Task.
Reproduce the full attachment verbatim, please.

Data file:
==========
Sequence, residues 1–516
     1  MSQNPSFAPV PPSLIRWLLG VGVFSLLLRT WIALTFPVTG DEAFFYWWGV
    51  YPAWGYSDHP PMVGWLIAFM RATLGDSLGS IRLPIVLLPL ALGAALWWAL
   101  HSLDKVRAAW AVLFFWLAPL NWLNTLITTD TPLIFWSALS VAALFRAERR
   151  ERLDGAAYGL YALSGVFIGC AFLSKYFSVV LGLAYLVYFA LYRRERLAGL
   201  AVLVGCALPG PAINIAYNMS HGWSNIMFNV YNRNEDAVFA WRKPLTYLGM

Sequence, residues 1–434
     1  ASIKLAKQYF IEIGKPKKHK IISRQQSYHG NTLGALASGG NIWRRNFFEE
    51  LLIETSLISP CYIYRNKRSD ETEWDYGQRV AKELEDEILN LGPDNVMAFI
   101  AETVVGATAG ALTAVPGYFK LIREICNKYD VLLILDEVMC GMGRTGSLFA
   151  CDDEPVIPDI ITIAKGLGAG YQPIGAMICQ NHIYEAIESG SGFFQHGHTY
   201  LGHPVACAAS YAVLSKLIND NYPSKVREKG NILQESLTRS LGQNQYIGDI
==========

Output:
Sequence, residues 1–516
     1  MSQNPSFAPV PPSLIRWLLG VGVFSLLLRT WIALTFPVTG DEAFFYWWGV
    51  YPAWGYSDHP PMVGWLIAFM RATLGDSLGS IRLPIVLLPL ALGAALWWAL
   101  HSLDKVRAAW AVLFFWLAPL NWLNTLITTD TPLIFWSALS VAALFRAERR
   151  ERLDGAAYGL YALSGVFIGC AFLSKYFSVV LGLAYLVYFA LYRRERLAGL
   201  AVLVGCALPG PAINIAYNMS HGWSNIMFNV YNRNEDAVFA WRKPLTYLGM

Sequence, residues 1–434
     1  ASIKLAKQYF IEIGKPKKHK IISRQQSYHG NTLGALASGG NIWRRNFFEE
    51  LLIETSLISP CYIYRNKRSD ETEWDYGQRV AKELEDEILN LGPDNVMAFI
   101  AETVVGATAG ALTAVPGYFK LIREICNKYD VLLILDEVMC GMGRTGSLFA
   151  CDDEPVIPDI ITIAKGLGAG YQPIGAMICQ NHIYEAIESG SGFFQHGHTY
   201  LGHPVACAAS YAVLSKLIND NYPSKVREKG NILQESLTRS LGQNQYIGDI